Environmental problems in Africa are therefore partly anthropogenic or human-induced (though not necessarily by Africans), which is the result of the effect of chemical and human waste on all forms of ecological and human life. But natural causes cannot be overlooked and consist of such natural calamities as earthquakes.
The geo-history of Africa places the continent as the oldest among the land masses of the world. Propounders of the theory of the Gondwanaland assert that Africa is the genesis of the eventual breakup of the various continental land masses. For instance, they claim, land mass of South America seems to fit into the gulf of Guinea.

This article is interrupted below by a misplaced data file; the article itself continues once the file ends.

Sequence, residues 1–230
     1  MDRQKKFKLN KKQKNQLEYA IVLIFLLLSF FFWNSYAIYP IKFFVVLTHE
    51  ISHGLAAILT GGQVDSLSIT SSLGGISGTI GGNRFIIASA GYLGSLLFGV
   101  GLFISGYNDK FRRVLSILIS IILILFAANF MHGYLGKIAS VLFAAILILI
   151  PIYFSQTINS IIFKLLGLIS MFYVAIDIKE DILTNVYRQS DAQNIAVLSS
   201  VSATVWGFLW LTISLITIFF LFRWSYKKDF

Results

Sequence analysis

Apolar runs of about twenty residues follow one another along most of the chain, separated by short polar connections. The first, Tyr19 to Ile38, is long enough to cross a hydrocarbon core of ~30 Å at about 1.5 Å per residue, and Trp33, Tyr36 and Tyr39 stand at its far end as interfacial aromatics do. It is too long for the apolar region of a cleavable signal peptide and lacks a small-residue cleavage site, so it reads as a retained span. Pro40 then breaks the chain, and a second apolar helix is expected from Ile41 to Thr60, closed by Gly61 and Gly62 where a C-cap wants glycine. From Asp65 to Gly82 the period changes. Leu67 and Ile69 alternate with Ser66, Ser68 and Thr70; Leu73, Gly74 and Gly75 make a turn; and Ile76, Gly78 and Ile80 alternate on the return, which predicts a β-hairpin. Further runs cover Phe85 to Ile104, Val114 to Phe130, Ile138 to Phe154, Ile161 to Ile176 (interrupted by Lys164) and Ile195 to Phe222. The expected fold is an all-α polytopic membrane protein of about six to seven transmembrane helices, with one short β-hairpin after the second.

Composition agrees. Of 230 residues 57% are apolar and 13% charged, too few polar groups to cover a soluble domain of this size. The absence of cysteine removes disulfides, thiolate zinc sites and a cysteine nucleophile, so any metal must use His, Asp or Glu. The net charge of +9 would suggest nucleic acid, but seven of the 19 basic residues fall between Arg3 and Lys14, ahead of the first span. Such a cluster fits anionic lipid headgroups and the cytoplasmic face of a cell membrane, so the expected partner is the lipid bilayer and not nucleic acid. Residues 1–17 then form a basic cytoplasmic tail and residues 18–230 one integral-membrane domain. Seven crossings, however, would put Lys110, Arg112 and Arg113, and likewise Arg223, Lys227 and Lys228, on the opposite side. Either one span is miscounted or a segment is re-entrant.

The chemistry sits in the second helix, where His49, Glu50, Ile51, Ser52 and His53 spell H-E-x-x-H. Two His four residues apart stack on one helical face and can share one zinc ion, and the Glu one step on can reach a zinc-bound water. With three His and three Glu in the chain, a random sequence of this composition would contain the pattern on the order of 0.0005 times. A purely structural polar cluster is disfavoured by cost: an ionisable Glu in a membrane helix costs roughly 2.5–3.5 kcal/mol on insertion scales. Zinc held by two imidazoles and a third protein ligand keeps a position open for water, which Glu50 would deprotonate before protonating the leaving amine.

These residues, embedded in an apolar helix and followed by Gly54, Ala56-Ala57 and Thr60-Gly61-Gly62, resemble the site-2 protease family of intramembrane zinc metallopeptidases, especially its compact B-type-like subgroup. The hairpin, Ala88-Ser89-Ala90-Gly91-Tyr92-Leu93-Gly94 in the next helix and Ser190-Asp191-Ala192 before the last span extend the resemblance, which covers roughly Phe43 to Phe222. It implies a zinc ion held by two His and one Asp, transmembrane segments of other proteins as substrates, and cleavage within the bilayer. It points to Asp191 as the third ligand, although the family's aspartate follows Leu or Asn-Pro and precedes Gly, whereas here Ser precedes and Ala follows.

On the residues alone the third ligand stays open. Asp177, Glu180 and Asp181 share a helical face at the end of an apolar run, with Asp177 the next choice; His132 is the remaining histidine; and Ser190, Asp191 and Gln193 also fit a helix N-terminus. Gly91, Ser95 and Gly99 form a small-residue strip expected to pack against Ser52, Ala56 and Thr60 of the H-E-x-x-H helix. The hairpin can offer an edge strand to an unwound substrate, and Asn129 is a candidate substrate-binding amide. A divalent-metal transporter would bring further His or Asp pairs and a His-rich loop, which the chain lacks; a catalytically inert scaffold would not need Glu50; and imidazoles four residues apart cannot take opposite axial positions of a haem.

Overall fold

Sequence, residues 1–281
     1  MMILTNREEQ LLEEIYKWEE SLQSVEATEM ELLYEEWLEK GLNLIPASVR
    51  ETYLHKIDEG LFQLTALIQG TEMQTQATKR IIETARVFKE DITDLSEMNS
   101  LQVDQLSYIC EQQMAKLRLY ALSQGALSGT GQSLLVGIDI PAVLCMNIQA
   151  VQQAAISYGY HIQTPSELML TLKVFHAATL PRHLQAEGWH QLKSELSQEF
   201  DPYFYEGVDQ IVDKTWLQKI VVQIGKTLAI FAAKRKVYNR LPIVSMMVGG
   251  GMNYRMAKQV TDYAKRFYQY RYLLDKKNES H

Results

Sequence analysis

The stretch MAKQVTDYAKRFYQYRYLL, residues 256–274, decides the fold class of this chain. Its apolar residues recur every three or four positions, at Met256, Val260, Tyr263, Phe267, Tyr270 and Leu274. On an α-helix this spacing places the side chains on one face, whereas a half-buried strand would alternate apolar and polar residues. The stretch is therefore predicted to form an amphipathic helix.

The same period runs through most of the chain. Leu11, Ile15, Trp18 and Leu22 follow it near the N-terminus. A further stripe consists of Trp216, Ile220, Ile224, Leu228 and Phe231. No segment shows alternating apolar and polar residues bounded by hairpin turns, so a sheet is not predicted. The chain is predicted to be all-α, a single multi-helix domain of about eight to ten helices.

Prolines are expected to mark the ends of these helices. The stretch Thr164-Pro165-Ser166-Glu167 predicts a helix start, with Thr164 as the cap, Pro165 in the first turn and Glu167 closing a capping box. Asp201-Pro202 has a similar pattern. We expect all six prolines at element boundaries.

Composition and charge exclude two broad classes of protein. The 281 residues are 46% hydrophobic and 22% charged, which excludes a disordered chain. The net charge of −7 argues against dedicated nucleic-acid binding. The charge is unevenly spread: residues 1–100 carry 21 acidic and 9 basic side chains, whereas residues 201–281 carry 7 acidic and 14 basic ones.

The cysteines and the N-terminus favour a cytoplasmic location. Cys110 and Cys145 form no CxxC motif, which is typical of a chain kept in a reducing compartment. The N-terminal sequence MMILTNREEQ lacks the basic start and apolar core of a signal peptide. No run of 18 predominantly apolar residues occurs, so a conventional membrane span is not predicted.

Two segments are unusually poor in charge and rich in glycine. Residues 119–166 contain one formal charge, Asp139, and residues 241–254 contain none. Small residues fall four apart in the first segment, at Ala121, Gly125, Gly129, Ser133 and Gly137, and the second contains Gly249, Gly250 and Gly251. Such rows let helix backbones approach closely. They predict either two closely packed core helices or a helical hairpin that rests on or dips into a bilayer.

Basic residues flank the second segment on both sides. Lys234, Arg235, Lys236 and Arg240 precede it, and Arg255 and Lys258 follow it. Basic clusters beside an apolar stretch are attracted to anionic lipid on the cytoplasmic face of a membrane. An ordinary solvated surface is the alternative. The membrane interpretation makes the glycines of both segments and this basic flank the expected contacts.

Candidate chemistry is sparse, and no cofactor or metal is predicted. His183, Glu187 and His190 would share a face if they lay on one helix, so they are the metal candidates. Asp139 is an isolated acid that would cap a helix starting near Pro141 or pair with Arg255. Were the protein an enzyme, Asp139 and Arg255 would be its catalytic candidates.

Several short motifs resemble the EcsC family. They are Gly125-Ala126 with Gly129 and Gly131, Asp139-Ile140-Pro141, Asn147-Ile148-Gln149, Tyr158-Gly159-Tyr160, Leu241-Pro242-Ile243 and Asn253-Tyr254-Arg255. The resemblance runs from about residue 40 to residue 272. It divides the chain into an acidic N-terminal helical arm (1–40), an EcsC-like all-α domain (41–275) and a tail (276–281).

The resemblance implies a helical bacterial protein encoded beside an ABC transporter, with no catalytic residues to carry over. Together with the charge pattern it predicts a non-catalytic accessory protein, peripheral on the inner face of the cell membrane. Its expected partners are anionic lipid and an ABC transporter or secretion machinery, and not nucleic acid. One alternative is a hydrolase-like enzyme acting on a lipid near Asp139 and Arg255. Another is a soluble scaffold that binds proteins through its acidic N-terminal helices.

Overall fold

The Great Rift Valley of Eastern Africa, which is a living example of an active clash of tectonic plates continues to be active. Earthquakes and volcanic action are therefore a rampant occurrence in the area. A few years ago in Goma, eastern Congo, a volcanic eruption destroyed the sizable portion of a sprawling city along the banks of one of the biggest rivers in the region. Its aftereffects are still being felt.
This episode looks at the issue of earthquakes as an environmental hazard which unfortunately cannot be prevented.
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